Vulnerabiity in OpenPGP
March 22, 2001 10:43 AM   Subscribe

Vulnerabiity in OpenPGP You don't even need to crack the key, just get hold of it, modify a few bytes, and presto, sign away from other persona. The issue here is signing, not encrypting. The implications are evident when you think of internet voting, tax filing, etc., but it is still a victory for open cryptography, where peer review can find serious flaws.
posted by pecus (2 comments total)
TheReg has a response from NAI/Zimmerman about the flaw here. They (NAI, not TheReg) are downplaying this (obviously) but do make a valid point...if someone has access to your private key, then they have access to all kinds of other data as well. Your private key shouldn't be accessible, and that's been known since we started with PK crypto.
posted by ivey at 11:15 AM on March 22, 2001

Having access to your private key doesn't usually get a cryptographic attacker much of anywhere, because your private key is protected by your passphrase, and your passphrase (while short) is mathematically speaking "long enough" relative to the length of the key that it'd make it difficult to unlock the key without the passphrase. (Cracking the key is made more difficult by the fact that it's a collection of more or less random bits so there's no way to tell when you've got the correct one, short of repeatedly using it to try to decode an encrypted message which is known to fall within certain parameters -- such as ASCII-encoded -- which is extremely time-consuming.)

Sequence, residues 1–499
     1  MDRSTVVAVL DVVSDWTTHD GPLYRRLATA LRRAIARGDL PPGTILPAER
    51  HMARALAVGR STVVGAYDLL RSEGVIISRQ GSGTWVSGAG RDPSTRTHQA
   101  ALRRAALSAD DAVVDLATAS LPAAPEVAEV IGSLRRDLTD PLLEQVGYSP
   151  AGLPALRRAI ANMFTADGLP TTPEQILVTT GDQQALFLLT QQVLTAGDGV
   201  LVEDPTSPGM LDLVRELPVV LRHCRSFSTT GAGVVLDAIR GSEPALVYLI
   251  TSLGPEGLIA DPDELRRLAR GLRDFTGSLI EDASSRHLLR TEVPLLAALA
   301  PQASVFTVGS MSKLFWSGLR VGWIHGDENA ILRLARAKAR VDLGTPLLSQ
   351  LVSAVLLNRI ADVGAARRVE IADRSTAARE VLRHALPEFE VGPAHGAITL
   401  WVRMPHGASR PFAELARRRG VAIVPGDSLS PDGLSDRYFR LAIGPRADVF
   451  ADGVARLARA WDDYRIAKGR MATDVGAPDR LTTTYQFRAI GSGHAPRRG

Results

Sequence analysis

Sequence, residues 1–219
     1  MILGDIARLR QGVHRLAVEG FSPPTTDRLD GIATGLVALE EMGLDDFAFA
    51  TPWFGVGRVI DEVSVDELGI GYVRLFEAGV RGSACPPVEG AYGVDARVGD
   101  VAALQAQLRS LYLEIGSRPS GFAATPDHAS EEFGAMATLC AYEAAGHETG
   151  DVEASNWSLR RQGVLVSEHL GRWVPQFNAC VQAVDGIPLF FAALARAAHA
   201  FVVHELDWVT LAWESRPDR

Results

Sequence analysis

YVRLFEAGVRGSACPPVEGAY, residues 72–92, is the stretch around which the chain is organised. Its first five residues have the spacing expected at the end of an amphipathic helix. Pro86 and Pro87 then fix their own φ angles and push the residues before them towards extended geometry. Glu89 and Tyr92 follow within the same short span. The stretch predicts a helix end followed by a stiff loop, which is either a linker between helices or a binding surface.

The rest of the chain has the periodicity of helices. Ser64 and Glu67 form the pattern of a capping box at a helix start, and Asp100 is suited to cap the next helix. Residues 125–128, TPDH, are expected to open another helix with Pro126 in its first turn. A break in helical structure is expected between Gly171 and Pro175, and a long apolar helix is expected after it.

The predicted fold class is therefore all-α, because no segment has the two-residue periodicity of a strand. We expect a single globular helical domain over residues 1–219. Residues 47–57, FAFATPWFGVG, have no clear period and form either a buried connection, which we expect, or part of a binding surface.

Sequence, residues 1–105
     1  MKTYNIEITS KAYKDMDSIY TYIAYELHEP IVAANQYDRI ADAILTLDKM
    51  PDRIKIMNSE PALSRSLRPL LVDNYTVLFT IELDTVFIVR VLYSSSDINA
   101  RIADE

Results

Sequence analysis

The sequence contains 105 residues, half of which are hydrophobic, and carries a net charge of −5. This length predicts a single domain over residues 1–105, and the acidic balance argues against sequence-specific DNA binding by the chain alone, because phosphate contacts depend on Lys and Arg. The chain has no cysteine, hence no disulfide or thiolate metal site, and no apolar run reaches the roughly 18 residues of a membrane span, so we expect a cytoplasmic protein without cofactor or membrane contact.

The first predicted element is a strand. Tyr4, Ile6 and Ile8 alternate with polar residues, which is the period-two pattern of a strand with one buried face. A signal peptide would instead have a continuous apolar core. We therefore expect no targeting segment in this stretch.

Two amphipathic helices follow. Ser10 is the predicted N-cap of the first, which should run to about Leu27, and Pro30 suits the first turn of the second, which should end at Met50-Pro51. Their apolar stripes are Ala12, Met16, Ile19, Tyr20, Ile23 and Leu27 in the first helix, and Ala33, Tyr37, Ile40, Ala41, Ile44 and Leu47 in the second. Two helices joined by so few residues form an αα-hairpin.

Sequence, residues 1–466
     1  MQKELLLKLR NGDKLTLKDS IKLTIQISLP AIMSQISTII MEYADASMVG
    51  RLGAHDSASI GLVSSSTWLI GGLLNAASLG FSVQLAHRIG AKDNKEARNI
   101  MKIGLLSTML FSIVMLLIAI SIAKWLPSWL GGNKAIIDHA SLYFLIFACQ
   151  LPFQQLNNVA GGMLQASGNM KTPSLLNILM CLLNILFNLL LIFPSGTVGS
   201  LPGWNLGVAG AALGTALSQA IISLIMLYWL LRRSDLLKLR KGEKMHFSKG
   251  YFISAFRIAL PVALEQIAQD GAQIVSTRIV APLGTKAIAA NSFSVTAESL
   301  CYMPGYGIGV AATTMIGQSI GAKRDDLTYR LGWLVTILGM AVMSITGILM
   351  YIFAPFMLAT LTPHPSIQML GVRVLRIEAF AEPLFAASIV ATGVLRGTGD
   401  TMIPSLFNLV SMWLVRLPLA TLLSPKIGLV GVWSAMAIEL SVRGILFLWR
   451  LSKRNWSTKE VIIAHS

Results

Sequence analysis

This hole is bad because it lets people figure out the private key without having the passphrase. However, since PGP apparently uses different keys for authentication and for encryption, only authentication (a useful but much less frequently employed part of PGP than encryption) is affected, which is a nice indication of the amount of hard thinking and intelligent design that went into PGP. I'm less worried about people pretending to be me than I am about them reading my mail, in any case. So on the face of it, maybe it doesn't really sound that bad after all.

But wait. The real danger is that, having successfully deduced one of your private keys, they are in a much better position to try to crack the whole thing because they know some of the contents of the key file.
posted by kindall at 5:17 PM on March 22, 2001

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